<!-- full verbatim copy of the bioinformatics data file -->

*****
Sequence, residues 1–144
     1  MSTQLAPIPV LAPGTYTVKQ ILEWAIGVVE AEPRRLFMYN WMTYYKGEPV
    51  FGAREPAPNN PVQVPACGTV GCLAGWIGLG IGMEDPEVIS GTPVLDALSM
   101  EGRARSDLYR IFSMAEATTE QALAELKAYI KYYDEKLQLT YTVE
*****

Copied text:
Sequence, residues 1–144
     1  MSTQLAPIPV LAPGTYTVKQ ILEWAIGVVE AEPRRLFMYN WMTYYKGEPV
    51  FGAREPAPNN PVQVPACGTV GCLAGWIGLG IGMEDPEVIS GTPVLDALSM
   101  EGRARSDLYR IFSMAEATTE QALAELKAYI KYYDEKLQLT YTVE